While serving in Kandahar, Afghanistan, US Navy construction mechanic Matthew Sallas may not have imagined where his experience would take him next. But researchers at Oak Ridge National Laboratory (ORNL) certainly had the future in mind as they were creating programs to train men and women like him for tomorrow’s maker workforce.
Matt had returned to Knoxville, TN from a tour of duty in 2013 and was working as an installer in the home remodeling business, but he was looking for an opportunity to parlay his natural inquisitiveness and mechanical skills into something more. When he heard about a special 6-week internship at the U.S. Department of Energy’s Manufacturing Demonstration Facility (MDF) at ORNL, he took a chance.
Matt was among more than 120 applicants to the Energy Efficiency and Renewable Energy Advanced Manufacturing Workforce Development Program for returning veterans and wounded warriors. He and 14 others chosen for the program received an accelerated, hands-on introduction to the field of advanced manufacturing, including the opportunity to design and print objects in 3D.
Matt’s skills as a mechanic served him well in the internship. Today, Matt operates and maintains the biggest 3D printers as a staff technician at the MDF, the two Big Area Additive Manufacturing (BAAM) machines, as well as a large-scale milling machine that trims excess material from printed parts.
Since his time as an intern, Matt has been involved in some of the most high-profile prints at the MDF, including the Shelby Cobra sports car, the house for the Additive Manufacturing + Integrated Energy project, and the mold for a new Boeing airplane wing, which earned a Guinness World Records title for largest 3D-printed solid object. His favorite project was printing a replica of a 1952 Willys Jeep, which took only 3 weeks from printing to assembly.
“I’m always working on something new here,” Matt said. “We’re basically figuring out the puzzle of how to print [a variety of objects]. You never do the same thing over again. It keeps me on my toes.”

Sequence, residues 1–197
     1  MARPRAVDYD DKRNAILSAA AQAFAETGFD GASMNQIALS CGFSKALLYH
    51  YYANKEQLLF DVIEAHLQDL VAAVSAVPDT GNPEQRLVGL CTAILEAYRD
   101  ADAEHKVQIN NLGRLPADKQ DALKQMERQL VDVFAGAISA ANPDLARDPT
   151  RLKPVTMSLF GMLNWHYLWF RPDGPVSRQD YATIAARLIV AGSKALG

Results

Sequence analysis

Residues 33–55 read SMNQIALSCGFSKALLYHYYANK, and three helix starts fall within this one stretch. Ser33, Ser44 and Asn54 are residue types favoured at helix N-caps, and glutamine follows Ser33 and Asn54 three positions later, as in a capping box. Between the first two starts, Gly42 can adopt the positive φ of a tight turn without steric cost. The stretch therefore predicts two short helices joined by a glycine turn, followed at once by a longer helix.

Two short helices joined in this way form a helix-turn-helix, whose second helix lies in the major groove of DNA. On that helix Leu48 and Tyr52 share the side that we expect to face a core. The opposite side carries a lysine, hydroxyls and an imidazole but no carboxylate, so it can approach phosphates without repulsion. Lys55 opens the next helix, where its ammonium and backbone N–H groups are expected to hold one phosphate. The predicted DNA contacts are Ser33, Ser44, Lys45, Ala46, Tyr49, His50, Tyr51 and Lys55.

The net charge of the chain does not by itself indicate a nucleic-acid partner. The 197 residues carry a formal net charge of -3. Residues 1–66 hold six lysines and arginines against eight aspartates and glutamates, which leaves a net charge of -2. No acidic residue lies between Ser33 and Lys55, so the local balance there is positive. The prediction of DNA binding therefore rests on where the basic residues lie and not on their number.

Veterans: An 'ideal workforce'
Working at the MDF has given Matt a solid foundation in advanced manufacturing. He has gained skills in CAD design, programming, mechanical and electrical engineering, and heavy equipment operation.
Matt’s work on the BAAM printer, in fact, resulted in his being a contributing author to a paper that examined the impact of temperature decay on bonding during the printing process for objects made with carbon fiber–reinforced acrylonitrile butadiene styrene thermoplastic.
The best thing about working at ORNL? “The people. They’re great to work with here,” Matt said. “They have my back, and I have theirs.”
They’re great to work with here. They have my back, and I have theirs.
Matt’s mentor at the MDF is Lonnie Love, ORNL Corporate Fellow researcher and leader of the Manufacturing Systems Research Group. “The veteran’s program was really eye-opening for me,” Love said. “We currently have over 300,000 open manufacturing jobs in this country. At the same time, we have over 10,000 active duty service men and women entering civilian life every month. These veterans like Matt are the ideal workforce. They’re loyal, hard-working, not afraid of a challenge, and are used to working as a team. All they need is a little direction, and they can have amazing careers. ORNL served as the pilot for this program, which is now being replicated at other national labs. Getting Matt to be a part of our team was an added benefit.”
Matt continues to serve in the Navy Reserve, training at least 1 weekend a month and 2 full weeks each year to maintain readiness for deployment. He is close to earning his associate’s degree in engineering technology from Pellissippi State Community College and has plans to pursue a bachelor’s degree in mechanical engineering. He is also a certified first responder.
Matt’s advice to other young people is that although school is important, students should also pursue real-world experience: “You’ve got to get out and do the internships. Get out there and learn. That’s my philosophy.”
*Article first posted by Stephanie Seay at Oak Ridge National Laboratory.